Taphonomy is the study of how organisms are preserved in the fossil record (the term is derived from the Greek word taphos, which means grave). Taphonomists seek to understand how an organism died and what happened to its body before and during burial. They also try to determine what factors may have contributed to unequal representation of certain groups in the fossil record due to differences in their rates of preservation.
One of the challenges taphonomists are often presented with is the interpretation of fossilized broken bones. The scientists must determine if the damage occurred while the animal was alive, after it died, or even after the bone was buried. If the bone broke while the animal was alive, there may be new growth showing that the injury was healing. Bones broken after the animal died will not show any signs of healing. Unfortunately, it is sometimes difficult to determine whether the damage occurred before burial, perhaps by gnawing or trampling, or afterwards.
The study of preservation processes is central to taphonomy. There is much to be learned from the nature of a fossil's preservation, but if a fossil is not well preserved, then there will be little evidence to study.
Rapid burial is crucial to good preservation. One reason is that buried remains are much less likely to be disturbed by scavengers or swept away by rivers. Scavengers pull skeletons apart, scatter bones, and eat some parts preferentially to others. Rivers transport animal and plant remains far from the site of death. Indeed, most organisms are not buried where they die, but are first shuffled around either in part or in whole. This movement may be small, as in the sinking of a fish to the bottom of a lake, or extensive, as when an animal's body floats hundreds of miles in ocean currents. A second reason is that burial, especially in fine-grained muds, may slow down bacterial decay so tissues are better preserved.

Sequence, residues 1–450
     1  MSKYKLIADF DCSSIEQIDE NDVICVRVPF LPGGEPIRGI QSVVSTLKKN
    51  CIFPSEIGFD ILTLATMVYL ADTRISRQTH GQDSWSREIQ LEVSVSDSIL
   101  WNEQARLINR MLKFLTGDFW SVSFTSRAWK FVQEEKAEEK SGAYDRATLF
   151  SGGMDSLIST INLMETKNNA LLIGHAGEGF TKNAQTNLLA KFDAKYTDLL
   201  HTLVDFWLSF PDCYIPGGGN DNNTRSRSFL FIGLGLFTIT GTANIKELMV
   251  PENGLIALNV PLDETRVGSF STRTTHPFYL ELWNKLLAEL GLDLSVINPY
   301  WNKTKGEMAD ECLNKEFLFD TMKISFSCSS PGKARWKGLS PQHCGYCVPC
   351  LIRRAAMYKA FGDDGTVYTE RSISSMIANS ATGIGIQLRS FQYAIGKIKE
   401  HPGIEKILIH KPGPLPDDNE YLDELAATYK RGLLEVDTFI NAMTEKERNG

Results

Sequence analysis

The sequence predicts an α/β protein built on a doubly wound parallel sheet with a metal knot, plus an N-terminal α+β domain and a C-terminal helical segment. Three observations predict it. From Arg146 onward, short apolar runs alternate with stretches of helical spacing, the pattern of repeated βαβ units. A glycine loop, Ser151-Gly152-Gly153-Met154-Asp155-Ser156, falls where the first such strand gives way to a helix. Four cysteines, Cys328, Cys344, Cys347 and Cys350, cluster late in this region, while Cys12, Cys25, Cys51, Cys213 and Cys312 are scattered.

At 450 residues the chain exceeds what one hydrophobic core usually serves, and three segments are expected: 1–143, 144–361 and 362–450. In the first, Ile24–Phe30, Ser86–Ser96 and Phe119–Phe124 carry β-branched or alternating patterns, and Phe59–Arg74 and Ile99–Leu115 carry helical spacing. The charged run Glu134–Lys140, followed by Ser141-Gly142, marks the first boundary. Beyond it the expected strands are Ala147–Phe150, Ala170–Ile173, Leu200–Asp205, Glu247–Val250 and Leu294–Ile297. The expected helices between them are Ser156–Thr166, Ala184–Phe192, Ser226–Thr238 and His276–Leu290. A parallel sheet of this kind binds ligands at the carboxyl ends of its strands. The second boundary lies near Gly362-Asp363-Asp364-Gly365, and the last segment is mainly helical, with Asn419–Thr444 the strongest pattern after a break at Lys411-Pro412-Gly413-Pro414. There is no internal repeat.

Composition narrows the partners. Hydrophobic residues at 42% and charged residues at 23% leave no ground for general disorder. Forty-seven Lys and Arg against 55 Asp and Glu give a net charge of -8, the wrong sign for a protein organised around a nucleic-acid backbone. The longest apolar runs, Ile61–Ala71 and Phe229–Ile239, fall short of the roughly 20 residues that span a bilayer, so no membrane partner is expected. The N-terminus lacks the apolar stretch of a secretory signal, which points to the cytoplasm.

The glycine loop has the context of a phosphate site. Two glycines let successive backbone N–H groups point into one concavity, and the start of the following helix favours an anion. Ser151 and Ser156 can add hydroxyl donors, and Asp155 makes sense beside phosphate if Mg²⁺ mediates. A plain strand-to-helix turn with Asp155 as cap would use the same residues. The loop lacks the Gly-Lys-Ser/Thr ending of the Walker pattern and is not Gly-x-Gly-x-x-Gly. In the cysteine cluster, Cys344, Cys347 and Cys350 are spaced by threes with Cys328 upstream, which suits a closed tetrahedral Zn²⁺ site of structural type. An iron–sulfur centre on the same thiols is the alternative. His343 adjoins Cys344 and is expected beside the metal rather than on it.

Of the organisms that eventually become fossilized, few are preserved intact. This is due to differences in the ability of various parts to resist decay. On the one hand, teeth and bones are very hard, and fossilized specimens are relatively common. On the other, it is quite a find indeed to recover a fossilized heart or other soft part. Since soft parts nearly always decay, even if deeply buried, their pattern can only be preserved if minerals such as carbonate, pyrite, or phosphate replace the soft tissues. Such tissues will not decay if the organism happens to be buried in a sterile environment such as amber or a peat bog.
The hard parts of an organism are held together by soft parts, and when these decay, the organism's anatomy often becomes jumbled and scattered. This may make it difficult to determine what type of organism a part came from, and sometimes different parts of the same organism are accidentally classified as different species. A case in point is Anomalocaris canadensis. Until intact specimens of this prehistoric animal were found, the body was thought to be a sea cucumber, the mouth a jellyfish, and the feeding appendages shrimp-like creatures. By helping to solve puzzles like this, taphonomists increase our understanding of the fossil record.
See also Fossil and fossilization.